Consequently, such acts were a violation of the fundamental principles of international law, and furthermore, they established a dangerous precedent threatening Mexico’s territorial security, since the same formulas could be used to annex other areas along the border.Mexico severed relations with the United States in March 1845, shortly after the U.S. annexation of Texas. In September U.S. Pres. James K. Polk sent John Slidell on a secret mission to Mexico City to negotiate the disputed Texas border, settle U.S. claims against Mexico, and purchase New Mexico and California for up to $30 million. Mexican Pres. José Joaquín Herrera, aware in advance of Slidell’s intention of dismembering the country, refused to receive him. Slidell hinted to Polk that the Mexican reluctance to negotiate might require a show of military force by the United States. Under the guidance of General Zachary Taylor, U.S. troops were stationed in the disputed area between the Nueces and the Rio Grande, ready to defend against Mexican attack.

On May 9, 1846, Polk began to prepare a war message to Congress, justifying hostilities on the grounds of Mexican refusal to pay U.S. claims and refusal to negotiate with Slidell. That evening he received word that Mexican troops had crossed the Rio Grande on April 25 and attacked Taylor’s troops, killing or injuring 16 of them. In his quickly revised war message—delivered to Congress on May 11—Polk claimed that Mexico had “invaded our territory and shed American blood on American soil.” Congress responded with a war resolution and an authorization for 50,000 volunteers on Mexico on May 13, 1846.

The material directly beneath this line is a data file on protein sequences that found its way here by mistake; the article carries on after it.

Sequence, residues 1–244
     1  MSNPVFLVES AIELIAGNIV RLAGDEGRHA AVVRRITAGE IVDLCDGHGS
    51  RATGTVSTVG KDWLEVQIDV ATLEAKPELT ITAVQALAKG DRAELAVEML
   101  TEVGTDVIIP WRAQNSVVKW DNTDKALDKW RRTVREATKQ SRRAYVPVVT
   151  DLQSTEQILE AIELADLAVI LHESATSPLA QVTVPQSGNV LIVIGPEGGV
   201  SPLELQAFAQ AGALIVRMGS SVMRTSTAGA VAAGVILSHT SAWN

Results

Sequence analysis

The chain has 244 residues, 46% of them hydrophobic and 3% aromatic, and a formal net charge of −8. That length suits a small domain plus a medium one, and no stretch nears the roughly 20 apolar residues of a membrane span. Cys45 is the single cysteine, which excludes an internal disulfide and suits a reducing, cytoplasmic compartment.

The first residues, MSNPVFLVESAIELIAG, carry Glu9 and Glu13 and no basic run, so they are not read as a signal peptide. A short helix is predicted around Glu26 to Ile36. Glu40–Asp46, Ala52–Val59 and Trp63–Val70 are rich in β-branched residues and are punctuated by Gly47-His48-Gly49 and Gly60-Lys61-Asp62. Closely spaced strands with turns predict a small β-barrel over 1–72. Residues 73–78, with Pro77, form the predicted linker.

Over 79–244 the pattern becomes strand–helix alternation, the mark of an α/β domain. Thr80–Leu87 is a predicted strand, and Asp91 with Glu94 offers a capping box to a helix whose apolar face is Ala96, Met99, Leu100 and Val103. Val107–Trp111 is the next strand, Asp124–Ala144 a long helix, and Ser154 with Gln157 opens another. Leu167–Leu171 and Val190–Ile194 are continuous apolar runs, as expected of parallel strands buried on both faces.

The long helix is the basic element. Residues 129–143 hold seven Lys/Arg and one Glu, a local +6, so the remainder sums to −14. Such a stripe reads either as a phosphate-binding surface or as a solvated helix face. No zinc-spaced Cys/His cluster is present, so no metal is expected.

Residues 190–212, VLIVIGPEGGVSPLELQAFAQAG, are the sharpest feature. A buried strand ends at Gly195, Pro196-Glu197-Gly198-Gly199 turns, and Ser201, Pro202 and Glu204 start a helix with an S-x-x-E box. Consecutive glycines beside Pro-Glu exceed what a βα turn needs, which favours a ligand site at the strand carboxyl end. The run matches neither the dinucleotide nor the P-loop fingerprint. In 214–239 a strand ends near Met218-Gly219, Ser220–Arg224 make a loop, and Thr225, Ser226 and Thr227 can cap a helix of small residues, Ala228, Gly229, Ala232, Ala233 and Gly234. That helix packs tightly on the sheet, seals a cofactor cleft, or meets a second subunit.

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In conclusion, the United States of America went to war with Mexico. There were several reasons why they did so, thee of the reasons were manifest destiny, the annexation of Texas, and Slidell’s mission. Americans gradually had been moving westward for two centuries, but in the 1830s and 1840s, they pushed all the way across the continent. The Americans in Texas greatly outnumbered the native Mexicans, and they sought full statehood for the province in order to gain home rule. Polk appointed John Slidell of Louisiana as minister to Mexico and instructed him to offer up to 30 million dollars to settle the disputed claims and purchase California and New Mexico, the territory between Texas and California. Because of the manifest destiny, the annexation of Texas, and Slidell’s mission the United States had more than enough reason to go to war with Mexico.

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The Reasons of America Coming to War with Mexico Between 1846 to 1848. (2018, December 11). GradesFixer. Retrieved February 21, 2024, from https://gradesfixer.com/free-essay-examples/the-united-states-of-america-went-to-war-with-mexico-between-1846-to-1848/
“The Reasons of America Coming to War with Mexico Between 1846 to 1848.” GradesFixer, 11 Dec. 2018, gradesfixer.com/free-essay-examples/the-united-states-of-america-went-to-war-with-mexico-between-1846-to-1848/
The Reasons of America Coming to War with Mexico Between 1846 to 1848. [online]. Available at: <https://gradesfixer.com/free-essay-examples/the-united-states-of-america-went-to-war-with-mexico-between-1846-to-1848/> [Accessed 21 Feb. 2024].
The Reasons of America Coming to War with Mexico Between 1846 to 1848 [Internet]. GradesFixer. 2018 Dec 11 [cited 2024 Feb 21]. Available from: https://gradesfixer.com/free-essay-examples/the-united-states-of-america-went-to-war-with-mexico-between-1846-to-1848/